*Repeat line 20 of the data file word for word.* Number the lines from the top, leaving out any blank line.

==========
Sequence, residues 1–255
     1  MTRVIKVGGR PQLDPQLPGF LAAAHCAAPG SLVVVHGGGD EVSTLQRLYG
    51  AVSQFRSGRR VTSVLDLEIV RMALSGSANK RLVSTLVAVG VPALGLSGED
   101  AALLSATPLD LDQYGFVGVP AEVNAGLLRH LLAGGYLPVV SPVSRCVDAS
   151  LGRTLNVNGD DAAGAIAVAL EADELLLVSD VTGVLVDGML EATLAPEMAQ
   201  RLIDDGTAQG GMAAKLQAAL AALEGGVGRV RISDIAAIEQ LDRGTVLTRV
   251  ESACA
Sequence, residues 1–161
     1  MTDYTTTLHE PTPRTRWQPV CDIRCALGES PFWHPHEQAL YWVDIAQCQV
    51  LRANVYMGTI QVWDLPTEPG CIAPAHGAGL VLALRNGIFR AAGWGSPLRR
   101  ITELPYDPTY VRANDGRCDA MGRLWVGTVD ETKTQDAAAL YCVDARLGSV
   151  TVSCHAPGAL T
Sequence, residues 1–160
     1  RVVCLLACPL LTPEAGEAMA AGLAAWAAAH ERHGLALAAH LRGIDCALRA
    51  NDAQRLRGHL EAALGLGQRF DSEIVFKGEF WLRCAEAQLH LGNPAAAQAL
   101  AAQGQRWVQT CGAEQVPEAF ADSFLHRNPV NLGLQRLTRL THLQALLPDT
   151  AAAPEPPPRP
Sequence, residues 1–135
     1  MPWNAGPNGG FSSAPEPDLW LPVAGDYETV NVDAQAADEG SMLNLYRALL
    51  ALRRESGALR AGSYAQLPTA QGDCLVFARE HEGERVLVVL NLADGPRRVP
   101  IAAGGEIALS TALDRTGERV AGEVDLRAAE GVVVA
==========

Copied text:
    51  ALRRESGALR AGSYAQLPTA QGDCLVFARE HEGERVLVVL NLADGPRRVP